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Voting Machines

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NEWS
June 3, 1999 | By Clea Benson, INQUIRER STAFF WRITER
City Council candidate Julie Welker will be allowed a free inspection of voting machines this weekend to determine whether there were any errors in the vote count in her extremely close race for the Democratic nomination for the Fifth District Council seat, the acting City Commissioners ruled yesterday. "I am of course upset that we had to spend time doing this," Welker said after the commissioners' meeting yesterday. "There should have been no question from the beginning. " Return sheets at the Board of Elections show Welker trailing former Council aide Darrell Clarke in the May 18 primary election by just 96 votes - or 9,860 to 9,956.
NEWS
April 14, 2007 | Associated Press Daily News staff writer Bob Warner contributed to this report
A divided state court turned down efforts by the Department of State to dismiss a legal challenge to the use of touch-screen voting machines in Pennsylvania counties. The four-judge Commonwealth Court majority opinion issued Thursday keeps alive a lawsuit that seeks to stop the use of electronic voting machines and order Secretary of State Pedro Cortes to establish new criteria for testing them. "Electors allege that the machines are not reliable or consistent in recording votes cast and that electors have no way of knowing whether a [direct-recording electronic machine, or DRE]
NEWS
April 21, 2001
The increasing militancy of America's handicapped citizens is a refreshing - and long overdue - phenomenon. If, like any segment of the population that's been left out of the mainstream for whatever reason, they can seem shrill and "inconvenient" to some in the majority, it may reflect our own feeling of guilt, rather than their behavior. That said, if it's true that only 46 of Philadelphia's 1,681 polling places are accessible to wheelchairs, as disability advocates have charged, this is something we should all be concerned about.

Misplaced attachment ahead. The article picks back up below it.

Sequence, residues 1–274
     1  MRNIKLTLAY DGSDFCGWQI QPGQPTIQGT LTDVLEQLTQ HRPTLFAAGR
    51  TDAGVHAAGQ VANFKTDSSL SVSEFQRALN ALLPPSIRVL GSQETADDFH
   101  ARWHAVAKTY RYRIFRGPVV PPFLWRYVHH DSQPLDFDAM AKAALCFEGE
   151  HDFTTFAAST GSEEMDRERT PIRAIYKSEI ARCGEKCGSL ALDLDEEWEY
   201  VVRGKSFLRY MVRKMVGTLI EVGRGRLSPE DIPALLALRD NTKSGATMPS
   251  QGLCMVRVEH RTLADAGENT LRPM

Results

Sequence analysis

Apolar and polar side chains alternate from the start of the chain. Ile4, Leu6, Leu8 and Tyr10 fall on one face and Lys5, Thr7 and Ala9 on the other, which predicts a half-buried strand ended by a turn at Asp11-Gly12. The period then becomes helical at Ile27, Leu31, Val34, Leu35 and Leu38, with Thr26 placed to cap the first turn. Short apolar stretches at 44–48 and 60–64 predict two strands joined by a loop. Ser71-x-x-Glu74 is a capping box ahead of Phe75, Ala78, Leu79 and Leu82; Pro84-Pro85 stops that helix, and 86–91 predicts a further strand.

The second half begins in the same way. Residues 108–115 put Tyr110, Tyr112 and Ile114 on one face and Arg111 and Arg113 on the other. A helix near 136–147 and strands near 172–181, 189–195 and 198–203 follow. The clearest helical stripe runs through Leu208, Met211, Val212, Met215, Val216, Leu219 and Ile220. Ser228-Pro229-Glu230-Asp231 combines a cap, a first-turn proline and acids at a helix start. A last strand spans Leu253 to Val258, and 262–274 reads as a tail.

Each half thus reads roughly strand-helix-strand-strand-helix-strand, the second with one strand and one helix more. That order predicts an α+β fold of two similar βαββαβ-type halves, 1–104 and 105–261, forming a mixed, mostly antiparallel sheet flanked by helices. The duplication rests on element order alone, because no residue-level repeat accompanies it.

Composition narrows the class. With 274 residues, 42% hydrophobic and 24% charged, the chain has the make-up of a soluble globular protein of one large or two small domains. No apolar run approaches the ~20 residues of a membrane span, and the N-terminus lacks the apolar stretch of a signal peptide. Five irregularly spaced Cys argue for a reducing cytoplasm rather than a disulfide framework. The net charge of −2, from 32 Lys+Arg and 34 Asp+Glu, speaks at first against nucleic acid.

NEWS
November 3, 2006 | By Thomas Fitzgerald and Nancy Petersen INQUIRER STAFF WRITERS
An overhaul of the nation's creaky electoral machinery, inspired by the Florida presidential recount in 2000, will get its biggest test so far in the midterm congressional elections Tuesday - and some worry the cure might be as bad as the disease. Citing problems in the spring primaries and the sheer magnitude of the changes, experts warn of possible problems at the polls. Many voters and election officials will be grappling with new electronic voting machines, new computerized registration databases, and, in some states, stricter voter-identification requirements.
NEWS
July 27, 1986 | By Edwin Guthman, Editor of The Inquirer
City Controller Joseph C. Vignola issues audits of city departments and agencies with icy regularity. So did his predecessor Thomas A. Leonard (1979-83) and the controller Leonard replaced, the late William G. Klenk 2d (1973-79). The audits pointed out plenty of ways the city could save thousands, even millions, of tax dollars or improve administrative practices. They've been duly reported by the media and that's the last heard about them. Last week the latest Vignola audit which prompted him to call for abolishing Traffic Court, Municipal Court and the office of the clerk of quarter sessions, caused a stir and even got a rise from several members of City Council and the judiciary, but that was unusual.